Do Some Digging

Where is this fear coming from? Why does this keep popping up in your mind? What’s the deeper message? Maybe there’s something in your life you feel is unresolved, or maybe you need to learn more about a situation to better understand it. Finding the holes in what you know can make a huge difference in your understanding and acceptance of things in your life. It serves as a compass to guide you toward the areas of your life that need some more work, some more nurturing and love.

dig

Tune In to You

When are you having these fears? Are there patterns you can pick up on or triggers you can look out for that might kick up these fear-based thoughts? Pay attention to the times when these thoughts are shouting out to you. Make a mental note or even write down what’s going on around you, where you are and what you’re doing when they arise. You may start to see some patterns arise, which you can use to plan ahead for when those times come back around. And as you uncover those patterns, you’ll be much more prepared and able to shift toward new ways of thinking next time.

Be Right Here, Right Now

One of the biggest things that helped me get over my fear-based lifestyle was in learning how to be present and mindful – and to stop future-tripping! I was constantly in this cycle of “shoulds” and “what ifs.” By learning how to keep my thoughts in the present moment, I squashed a ton of fears. And if they popped up again, I’d work toward getting back to the moment at hand and say goodbye to those thoughts!

Time

This is a tough one, but give yourself time! Changing ingrained thought patterns doesn’t happen immediately. It takes consistent work – yes, WORK – to reroute our thoughts and lay down tracks for new thought patterns to emerge. But trust that with time and consistency, your patterns will change.

Kindness + Love

Treat yourself well during this challenging, but fulfilling process. Be nice to yourself. And if you feel that’s difficult, recruit someone close to you for support and encouragement. Be gentle with yourself, and take care of your heart and soul. If something doesn’t feel good, listen to your intuition – it may not be the right moment for you. That doesn’t mean run the other way and drop all the hard work you’ve done, but rather be conscious that there will be times when you may not have the internal resources to work through these fears.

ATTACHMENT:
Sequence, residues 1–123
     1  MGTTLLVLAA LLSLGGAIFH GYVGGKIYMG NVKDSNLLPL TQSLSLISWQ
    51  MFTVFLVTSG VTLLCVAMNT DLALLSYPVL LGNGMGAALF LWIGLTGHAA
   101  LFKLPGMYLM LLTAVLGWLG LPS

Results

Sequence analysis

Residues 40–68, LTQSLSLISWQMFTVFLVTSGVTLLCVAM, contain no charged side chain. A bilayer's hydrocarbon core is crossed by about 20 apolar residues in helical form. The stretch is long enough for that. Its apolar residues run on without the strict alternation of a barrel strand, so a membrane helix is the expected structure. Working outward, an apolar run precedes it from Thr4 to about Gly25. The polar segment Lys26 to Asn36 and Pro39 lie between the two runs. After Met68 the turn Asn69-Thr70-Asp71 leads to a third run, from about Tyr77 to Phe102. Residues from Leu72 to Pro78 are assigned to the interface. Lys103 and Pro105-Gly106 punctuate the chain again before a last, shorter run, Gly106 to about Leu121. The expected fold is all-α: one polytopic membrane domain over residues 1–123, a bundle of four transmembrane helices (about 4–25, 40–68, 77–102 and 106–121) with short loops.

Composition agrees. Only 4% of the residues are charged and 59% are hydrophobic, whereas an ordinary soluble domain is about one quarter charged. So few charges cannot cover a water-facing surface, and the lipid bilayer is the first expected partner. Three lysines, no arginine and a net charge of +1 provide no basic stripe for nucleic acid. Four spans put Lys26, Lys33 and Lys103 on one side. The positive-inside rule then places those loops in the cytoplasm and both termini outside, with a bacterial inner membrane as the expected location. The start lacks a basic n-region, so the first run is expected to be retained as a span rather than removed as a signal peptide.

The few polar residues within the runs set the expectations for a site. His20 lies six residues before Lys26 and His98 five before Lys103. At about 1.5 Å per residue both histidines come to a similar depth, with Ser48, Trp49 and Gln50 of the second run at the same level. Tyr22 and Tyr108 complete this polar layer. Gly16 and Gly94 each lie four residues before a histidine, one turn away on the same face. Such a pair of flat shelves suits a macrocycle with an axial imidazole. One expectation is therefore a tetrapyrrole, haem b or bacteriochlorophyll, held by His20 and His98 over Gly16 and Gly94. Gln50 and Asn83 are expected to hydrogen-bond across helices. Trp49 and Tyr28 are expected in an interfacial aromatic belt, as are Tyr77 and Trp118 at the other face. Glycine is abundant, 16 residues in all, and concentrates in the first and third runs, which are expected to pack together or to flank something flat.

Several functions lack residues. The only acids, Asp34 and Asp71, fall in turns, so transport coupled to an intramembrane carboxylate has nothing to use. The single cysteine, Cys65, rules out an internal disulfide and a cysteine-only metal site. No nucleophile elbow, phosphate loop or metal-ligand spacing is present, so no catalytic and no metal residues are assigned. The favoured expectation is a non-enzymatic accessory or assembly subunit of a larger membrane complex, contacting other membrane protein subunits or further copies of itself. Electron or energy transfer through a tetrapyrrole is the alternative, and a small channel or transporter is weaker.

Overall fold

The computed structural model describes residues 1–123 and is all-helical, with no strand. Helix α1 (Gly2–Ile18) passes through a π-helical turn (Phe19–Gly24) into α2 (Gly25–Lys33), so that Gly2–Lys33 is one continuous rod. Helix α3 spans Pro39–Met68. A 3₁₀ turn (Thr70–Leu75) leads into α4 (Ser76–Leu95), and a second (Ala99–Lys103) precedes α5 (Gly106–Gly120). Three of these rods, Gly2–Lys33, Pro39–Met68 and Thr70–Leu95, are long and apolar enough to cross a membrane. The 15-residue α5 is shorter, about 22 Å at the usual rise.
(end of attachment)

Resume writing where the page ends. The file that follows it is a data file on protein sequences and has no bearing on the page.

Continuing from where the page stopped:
Above all, the most important thing you can do to overcome fear-based thoughts is to show yourself a whole lotta love. Hiding away from fear can feel easier in the moment – but that comes from our internal survival mechanism that’s constantly being activated. Survival trumps happiness every time. As you go into this process, know it will be difficult at times, but don’t let that hold you back. Doing the hard work is not only rewarding, it also opens up your mind and life to a world of limitless possibilities.

Fear is a natural, and at times useful, part of life. But when it begins to paralyze our life, it’s time to take back control. Making fear your friend will uncover the areas of your life that aren’t serving you well, and will open it up to the wonderful blessings it has to offer. With time, consistency, a few strategies and buckets of love for the amazing individual you are, you’ll regain control of your life and come out infinitely happier than before.

Website: www.molly-harris.com